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Company Sets New Minimum Wage: $70,000 a Year

A study a few years back told us that money doesn’t buy happiness, except for people earning under $75,000 a year. The conclusion of the research was that money only contributes to emotional well-being up to the point of not having to stress about money. Above that point, more makes no difference. Dan Price is the owner of Gravity Payments, a credit-card processing firm. He took that study to heart in a concrete way. Yesterday, he announced to his staff of 120 people that he will be giving raises over the next three years to bring them all up to $70,000 a year.

If it’s a publicity stunt, it’s a costly one. Mr. Price, who started the Seattle-based credit-card payment processing firm in 2004 at the age of 19, said he would pay for the wage increases by cutting his own salary from nearly $1 million to $70,000 and using 75 to 80 percent of the company’s anticipated $2.2 million in profit this year.

The paychecks of about 70 employees will grow, with 30 ultimately doubling their salaries, according to Ryan Pirkle, a company spokesman. The average salary at Gravity is $48,000 year.

Price hopes to raise his own salary again when the business becomes more profitable. But he still benefits from company profits, and presumably doesn’t have to make monthly car payments. And with employees who should be near the peak of emotional well-being, at least financially, Gravity Payments will most likely continue to do well. Read the entire story at the New York Times. -via Metafilter

(Image credit: Matthew Ryan Williams for The New York Times)


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I'm not going to claim that the 300:1 ratio is good in itself, it could certainly be moved a bit. It seems that this particular CEO was already running his company at about 12:1, so he was already far better than the 300:1 country average, and even significantly better than the 20:1 ratio recommendation. Basically, this guy is already cream of the crop when it comes to fair compensation for his workers vs himself, so there really wasn't any need for him to go all the way to 1:1. It also seems that, in order to make this work, he's decided to severely stunt the growth potential for his company for the immediate future. I hope it ends up paying off, but I am not so certain it will. The linked article seems hesitant to rubber stamp success on this venture as well.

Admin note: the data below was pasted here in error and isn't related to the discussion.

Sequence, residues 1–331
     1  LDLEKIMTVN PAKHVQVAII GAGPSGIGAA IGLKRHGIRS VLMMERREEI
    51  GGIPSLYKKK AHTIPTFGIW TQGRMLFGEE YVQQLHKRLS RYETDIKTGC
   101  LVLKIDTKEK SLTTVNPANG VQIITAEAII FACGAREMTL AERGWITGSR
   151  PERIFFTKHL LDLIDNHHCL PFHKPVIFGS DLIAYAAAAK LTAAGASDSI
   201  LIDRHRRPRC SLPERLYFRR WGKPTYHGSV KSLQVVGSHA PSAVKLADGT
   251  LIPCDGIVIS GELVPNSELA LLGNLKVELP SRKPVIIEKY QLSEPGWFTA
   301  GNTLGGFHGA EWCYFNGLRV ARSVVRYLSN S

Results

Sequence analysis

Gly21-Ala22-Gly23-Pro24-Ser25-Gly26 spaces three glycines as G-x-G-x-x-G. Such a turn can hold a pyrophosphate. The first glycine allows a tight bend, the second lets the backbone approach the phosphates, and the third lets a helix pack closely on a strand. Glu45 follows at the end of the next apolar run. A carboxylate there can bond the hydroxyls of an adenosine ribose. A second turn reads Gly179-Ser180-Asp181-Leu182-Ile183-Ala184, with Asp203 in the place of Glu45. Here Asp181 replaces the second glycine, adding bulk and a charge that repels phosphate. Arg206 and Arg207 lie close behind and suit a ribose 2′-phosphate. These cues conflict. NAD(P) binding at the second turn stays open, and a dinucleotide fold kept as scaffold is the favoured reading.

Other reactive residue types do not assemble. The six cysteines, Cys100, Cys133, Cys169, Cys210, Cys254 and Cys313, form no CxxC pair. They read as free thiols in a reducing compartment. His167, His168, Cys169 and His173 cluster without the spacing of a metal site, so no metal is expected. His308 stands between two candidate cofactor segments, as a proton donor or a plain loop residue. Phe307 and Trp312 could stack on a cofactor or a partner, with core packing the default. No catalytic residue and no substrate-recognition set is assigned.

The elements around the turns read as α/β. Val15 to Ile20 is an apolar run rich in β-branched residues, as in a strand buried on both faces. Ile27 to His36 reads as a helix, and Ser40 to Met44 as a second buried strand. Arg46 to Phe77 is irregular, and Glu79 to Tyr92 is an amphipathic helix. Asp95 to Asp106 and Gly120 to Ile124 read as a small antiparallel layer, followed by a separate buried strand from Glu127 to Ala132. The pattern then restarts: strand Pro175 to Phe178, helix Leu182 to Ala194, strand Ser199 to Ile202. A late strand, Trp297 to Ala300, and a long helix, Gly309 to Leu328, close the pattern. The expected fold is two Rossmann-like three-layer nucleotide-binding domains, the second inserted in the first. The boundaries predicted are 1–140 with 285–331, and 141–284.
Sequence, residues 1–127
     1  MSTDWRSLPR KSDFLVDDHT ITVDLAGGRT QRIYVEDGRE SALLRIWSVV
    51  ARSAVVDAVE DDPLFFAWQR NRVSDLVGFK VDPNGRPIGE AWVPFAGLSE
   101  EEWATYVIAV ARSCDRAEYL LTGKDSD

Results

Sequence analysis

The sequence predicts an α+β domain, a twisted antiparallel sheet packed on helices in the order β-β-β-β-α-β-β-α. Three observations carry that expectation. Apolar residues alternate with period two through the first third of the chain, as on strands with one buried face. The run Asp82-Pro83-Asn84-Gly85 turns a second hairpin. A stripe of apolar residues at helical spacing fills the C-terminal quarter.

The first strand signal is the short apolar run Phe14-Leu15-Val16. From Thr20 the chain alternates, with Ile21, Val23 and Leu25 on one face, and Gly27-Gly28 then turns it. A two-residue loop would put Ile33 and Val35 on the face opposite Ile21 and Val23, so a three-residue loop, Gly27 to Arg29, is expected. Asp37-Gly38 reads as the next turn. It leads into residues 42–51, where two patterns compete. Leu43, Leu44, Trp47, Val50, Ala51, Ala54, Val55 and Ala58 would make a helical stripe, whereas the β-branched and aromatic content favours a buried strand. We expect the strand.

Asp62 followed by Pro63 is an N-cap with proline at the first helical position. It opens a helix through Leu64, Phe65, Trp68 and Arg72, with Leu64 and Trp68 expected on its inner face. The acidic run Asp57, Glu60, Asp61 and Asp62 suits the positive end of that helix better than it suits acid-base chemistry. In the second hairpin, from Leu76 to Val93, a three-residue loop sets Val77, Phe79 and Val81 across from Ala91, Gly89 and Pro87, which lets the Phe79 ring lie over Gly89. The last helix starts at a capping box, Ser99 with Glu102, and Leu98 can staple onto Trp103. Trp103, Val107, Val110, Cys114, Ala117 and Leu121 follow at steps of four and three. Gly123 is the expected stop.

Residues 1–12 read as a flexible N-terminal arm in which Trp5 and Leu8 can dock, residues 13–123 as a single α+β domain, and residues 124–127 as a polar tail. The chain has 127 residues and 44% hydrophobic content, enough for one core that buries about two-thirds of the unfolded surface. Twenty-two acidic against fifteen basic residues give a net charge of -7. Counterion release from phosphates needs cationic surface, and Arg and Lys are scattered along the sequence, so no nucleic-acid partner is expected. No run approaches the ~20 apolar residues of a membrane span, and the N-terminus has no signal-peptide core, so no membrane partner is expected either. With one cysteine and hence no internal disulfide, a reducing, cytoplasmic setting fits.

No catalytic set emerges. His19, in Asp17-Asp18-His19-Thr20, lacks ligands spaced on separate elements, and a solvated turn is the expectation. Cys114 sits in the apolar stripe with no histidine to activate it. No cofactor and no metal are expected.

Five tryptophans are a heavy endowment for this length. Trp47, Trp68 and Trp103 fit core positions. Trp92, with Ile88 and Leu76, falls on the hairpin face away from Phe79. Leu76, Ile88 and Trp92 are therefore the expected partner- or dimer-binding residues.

Also, compare that 300:1 to the time of rampant monopolies back in the days of Carnegie and Rockefeller, when it was normal to have a ~10,000:1 ratio. Maybe we've been heading in the right direction for over a hundred years now, and it takes time for this sort of thing to completely sort itself out. Perhaps in another 20-50 years it'll be down to 20:1.

Now watch as people who were somehow struggling to make ends meet at ~$50k/yr somehow manage to still struggle to make ends meet at ~$70k/yr after getting expensive new car payments and more... it's like winning the lottery. The rate of bankruptcies for lotto winners is about double the average in any given year.

Perhaps he should, instead, give everyone at the company ~$60k/yr salaries and use the rest to have private financial advisers to ensure that they're spending what they do have in a responsible manner.
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Don't have to do the math. The linked article says:

The United States has one of the world’s largest pay gaps, with chief executives earning nearly 300 times what the average worker makes, according to some economists’ estimates. That is much higher than the 20-to-1 ratio recommended by Gilded Age magnates like J. Pierpont Morgan and the 20th century management visionary Peter Drucker.
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